Translational Applications of Biophotonics in Oncology

Friday, February 1, 2013 - 2:00pm
Fung Auditorium | Powell-Focht Bioengineering Hall
Nimmi Ramanujam, Ph.D.

Professor of Biomedical Engineering

Duke University

Translational Applications of Biophotonics in Oncology

Abstract: 
Dr. Ramanujam’s interests in the field of biophotonics are centered on research and technology development for applications in oncology. She is developing novel quantitative optical sensing and imaging tools for translational applications in cancer research. She has been leading a multi-disciplinary effort to translate these technologies into pre-clinical models and cancer patients in the areas of breast, head and neck and cervical cancers. Another important aspect of her work in this area is the design and development of cost-effective and portable illumination and detection strategies with applications to global health. She will talk about quantitative spectroscopy for screening, diagnostics and monitoring response to radiation therapy and spectral imaging and microscopy for tumor margin assessment.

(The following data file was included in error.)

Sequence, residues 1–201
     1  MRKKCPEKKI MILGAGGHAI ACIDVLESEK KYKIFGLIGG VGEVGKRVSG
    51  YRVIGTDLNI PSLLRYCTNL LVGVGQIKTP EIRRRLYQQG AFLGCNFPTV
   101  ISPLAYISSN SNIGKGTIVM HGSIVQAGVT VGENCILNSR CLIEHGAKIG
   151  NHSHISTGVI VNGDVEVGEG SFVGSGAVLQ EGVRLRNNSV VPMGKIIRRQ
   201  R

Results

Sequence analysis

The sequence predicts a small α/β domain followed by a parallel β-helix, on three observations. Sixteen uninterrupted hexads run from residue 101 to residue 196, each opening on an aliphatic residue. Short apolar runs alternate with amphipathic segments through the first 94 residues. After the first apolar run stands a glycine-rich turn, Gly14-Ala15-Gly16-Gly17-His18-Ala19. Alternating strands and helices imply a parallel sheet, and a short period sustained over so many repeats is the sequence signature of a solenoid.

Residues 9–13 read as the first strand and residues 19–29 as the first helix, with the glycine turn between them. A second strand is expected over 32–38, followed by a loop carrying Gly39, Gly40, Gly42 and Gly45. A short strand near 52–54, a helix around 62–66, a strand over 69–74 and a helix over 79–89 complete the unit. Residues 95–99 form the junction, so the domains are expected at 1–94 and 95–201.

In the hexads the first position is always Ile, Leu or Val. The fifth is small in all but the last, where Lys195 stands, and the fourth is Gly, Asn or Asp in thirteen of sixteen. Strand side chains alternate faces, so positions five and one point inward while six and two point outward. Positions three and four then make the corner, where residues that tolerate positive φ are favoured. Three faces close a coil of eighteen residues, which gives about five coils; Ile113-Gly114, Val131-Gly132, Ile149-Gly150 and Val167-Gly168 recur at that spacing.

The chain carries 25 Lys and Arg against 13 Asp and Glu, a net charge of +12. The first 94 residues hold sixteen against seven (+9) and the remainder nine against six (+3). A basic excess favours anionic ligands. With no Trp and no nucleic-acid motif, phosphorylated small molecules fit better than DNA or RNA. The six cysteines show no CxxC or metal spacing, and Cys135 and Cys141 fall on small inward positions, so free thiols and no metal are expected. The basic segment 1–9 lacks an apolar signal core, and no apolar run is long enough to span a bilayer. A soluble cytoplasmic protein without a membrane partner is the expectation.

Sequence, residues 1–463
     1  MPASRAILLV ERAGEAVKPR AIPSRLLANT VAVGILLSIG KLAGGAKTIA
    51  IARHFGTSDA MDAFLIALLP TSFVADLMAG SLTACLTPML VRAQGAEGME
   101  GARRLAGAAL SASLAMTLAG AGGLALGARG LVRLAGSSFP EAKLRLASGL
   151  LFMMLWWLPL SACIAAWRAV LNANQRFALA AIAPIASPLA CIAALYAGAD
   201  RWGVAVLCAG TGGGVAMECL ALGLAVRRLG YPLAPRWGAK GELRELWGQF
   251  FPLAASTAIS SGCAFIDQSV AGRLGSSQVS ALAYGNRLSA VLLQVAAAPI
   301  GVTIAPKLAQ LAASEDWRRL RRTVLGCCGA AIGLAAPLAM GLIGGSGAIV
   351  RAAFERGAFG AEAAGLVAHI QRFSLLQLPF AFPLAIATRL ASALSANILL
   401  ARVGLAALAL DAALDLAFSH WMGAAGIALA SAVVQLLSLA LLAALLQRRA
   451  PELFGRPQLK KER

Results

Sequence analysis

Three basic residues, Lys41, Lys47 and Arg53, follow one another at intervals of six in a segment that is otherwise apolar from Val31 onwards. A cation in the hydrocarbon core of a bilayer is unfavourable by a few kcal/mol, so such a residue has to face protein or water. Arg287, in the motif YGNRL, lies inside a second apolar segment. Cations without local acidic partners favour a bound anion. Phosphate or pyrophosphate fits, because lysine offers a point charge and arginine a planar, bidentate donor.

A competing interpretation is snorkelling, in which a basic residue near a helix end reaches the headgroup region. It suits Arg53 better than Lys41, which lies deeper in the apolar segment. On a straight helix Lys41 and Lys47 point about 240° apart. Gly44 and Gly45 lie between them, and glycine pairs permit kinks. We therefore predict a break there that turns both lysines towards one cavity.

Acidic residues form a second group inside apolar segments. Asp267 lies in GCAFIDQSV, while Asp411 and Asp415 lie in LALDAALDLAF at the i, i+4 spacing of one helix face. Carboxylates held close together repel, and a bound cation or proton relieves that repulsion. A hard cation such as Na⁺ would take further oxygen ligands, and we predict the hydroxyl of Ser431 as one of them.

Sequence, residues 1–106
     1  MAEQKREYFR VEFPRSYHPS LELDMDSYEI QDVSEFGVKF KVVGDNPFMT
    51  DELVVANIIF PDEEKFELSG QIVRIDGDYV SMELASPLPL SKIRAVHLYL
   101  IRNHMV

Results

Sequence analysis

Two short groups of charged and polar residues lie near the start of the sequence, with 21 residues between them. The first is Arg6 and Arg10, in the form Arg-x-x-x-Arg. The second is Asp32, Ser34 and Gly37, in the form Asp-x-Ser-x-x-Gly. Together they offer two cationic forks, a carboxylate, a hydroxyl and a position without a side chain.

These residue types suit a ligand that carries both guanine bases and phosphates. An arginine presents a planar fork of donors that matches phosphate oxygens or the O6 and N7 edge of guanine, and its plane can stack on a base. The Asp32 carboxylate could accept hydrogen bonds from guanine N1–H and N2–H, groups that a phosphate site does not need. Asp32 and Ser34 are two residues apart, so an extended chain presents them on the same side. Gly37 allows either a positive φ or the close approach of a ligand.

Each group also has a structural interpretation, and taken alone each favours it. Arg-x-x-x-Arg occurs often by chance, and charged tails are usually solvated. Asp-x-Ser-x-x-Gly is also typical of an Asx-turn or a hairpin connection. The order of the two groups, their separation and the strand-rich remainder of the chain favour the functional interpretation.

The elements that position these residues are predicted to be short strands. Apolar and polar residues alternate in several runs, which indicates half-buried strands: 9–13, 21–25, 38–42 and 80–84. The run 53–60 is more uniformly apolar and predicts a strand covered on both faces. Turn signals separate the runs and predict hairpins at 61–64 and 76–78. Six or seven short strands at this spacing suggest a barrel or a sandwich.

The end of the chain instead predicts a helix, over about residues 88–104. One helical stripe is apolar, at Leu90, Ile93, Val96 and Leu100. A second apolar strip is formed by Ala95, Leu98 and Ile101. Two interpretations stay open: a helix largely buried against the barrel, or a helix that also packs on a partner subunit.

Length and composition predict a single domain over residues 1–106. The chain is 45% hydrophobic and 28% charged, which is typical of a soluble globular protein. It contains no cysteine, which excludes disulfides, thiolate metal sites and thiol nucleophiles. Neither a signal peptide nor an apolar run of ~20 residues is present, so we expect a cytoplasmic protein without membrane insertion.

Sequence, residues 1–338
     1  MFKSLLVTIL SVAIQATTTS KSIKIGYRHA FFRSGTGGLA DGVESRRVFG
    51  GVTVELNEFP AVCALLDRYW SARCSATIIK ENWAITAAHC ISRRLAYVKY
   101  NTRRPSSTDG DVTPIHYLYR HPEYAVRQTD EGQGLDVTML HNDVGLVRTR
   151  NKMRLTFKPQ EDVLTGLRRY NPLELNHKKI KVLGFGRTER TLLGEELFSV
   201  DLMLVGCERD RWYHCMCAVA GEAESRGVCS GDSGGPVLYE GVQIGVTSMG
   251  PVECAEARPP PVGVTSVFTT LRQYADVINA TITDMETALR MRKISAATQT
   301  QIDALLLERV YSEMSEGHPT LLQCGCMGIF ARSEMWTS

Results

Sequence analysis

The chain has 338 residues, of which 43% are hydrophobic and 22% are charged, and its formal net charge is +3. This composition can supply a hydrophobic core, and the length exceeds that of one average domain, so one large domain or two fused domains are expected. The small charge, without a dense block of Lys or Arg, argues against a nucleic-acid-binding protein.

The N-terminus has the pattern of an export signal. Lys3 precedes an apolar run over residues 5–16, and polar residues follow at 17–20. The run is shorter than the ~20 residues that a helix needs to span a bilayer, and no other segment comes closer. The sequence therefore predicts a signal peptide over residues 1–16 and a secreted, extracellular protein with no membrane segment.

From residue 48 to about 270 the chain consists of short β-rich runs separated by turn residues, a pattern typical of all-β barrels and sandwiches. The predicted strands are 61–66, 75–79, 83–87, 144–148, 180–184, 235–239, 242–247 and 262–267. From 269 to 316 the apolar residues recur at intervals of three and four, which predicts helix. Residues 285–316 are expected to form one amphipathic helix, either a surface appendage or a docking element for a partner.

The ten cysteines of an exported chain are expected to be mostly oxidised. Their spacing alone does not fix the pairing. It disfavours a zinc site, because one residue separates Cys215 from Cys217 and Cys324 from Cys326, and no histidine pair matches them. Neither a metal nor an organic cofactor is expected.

Bio: 

Prof. Ramanujam is Professor of Biomedical Engineering at Duke University. Ramanujam's research interests include optical spectroscopy, optical sectioning microscopy and molecular imaging. Her research group is developing and applying these optically based tools for the non-invasive characterization of the molecular, biochemical and structural properties of human tissues with the intent of improving cancer care.

Dr. Ramanujam’s interests in the field of biophotonics are centered on research and technology development for applications to cancer. She is developing novel quantitative optical sensing and imaging tools for translational applications in cancer research. She has been leading a multi-disciplinary effort to translate these technologies into pre-clinical models and cancer patients in the areas of breast, head and neck and cervical cancers. Another important aspect of her work in this area is the design and development of cost-effective and portable illumination and detection strategies with applications to global health. In addition to her academic efforts, she has spun out a company, Zenalux to commercialize several of the technologies developed in her lab.